Which exemption system – Minnesota or federal – you should elect will depend upon the nature of your assets. The federal homestead exemption of $23,675 of equity in a primary residence is not nearly as generous as Minnesota’s homestead exemption of $390,000 of equity in a primary residence ($975,000 if the property is used for agricultural purposes).
If you do not have any equity in your homestead, you may wish to elect the federal exemptions if the value of your motor vehicle substantially exceeds the Minnesota motor vehicle exemption or if you own a second motor vehicle that would have no exemption protection. You can use the federal wild card exemption of $13,100 on top of the federal motor vehicle exemption of $3,775 for a total exemption of $16,875 in a single motor vehicle. Using the federal exemptions in Minnesota bankruptcy cases makes sense only when you have either zero or very little home equity. If you have substantial home equity, Minnesota’s state exemptions should be elected so you can avail yourself of the state’s generous homestead exemption.
Minnesota permits a married couple who files a joint bankruptcy to separately claim exemptions. This means that if there are two motor vehicles, each spouse can use the full exemption of $4,600 per vehicle.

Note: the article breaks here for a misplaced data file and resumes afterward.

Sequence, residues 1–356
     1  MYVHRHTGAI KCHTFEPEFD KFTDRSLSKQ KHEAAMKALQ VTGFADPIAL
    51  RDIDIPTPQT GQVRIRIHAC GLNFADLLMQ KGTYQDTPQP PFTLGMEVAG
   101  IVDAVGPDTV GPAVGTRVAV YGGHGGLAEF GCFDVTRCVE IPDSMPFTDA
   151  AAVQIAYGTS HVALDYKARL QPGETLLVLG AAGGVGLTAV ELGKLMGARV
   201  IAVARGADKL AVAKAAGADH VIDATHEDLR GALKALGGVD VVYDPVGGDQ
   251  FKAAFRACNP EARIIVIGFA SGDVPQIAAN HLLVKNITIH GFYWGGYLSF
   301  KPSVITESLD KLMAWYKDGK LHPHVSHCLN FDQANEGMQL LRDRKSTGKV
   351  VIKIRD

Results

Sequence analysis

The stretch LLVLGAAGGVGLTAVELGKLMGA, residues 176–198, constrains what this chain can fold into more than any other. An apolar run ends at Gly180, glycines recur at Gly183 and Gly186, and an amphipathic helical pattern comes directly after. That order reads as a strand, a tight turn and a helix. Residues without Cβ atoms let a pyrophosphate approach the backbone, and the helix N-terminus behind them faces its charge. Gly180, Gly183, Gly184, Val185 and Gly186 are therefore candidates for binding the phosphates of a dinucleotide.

How the Motor Vehicle Exemption Works
Assuming you elect the Minnesota exemptions, this is how the motor vehicle exemption works. If the total value of a motor vehicle is equal to or less than $4,600, you may keep the vehicle and you do not have to pay any money to the trustee. If the value of the motor vehicle exceeds $4,600, you technically must pay any difference to the trustee in order to keep the vehicle. If the difference is relatively small, however, in practice, the trustee will abandon any claim to the vehicle and allow you to keep it. This is because the cost of selling the motor vehicle will be more than the net proceeds that will be received from the sale. To sell a vehicle, the trustee must hire a professional and obtain court approval, the cost of which, plus a commission to the trustee, is deducted from the gross proceeds of the vehicle’s sale.
Alternatively, if you have substantial nonexempt equity in the motor vehicle, you can opt to turn the vehicle over to the trustee. The trustee in turn then will sell the vehicle and out of sales proceeds pay you the value of the motor vehicle exemption, deduct his or her commission and costs of the sale, and distribute the rest to your unsecured creditors.
Motor Vehicle with a Loan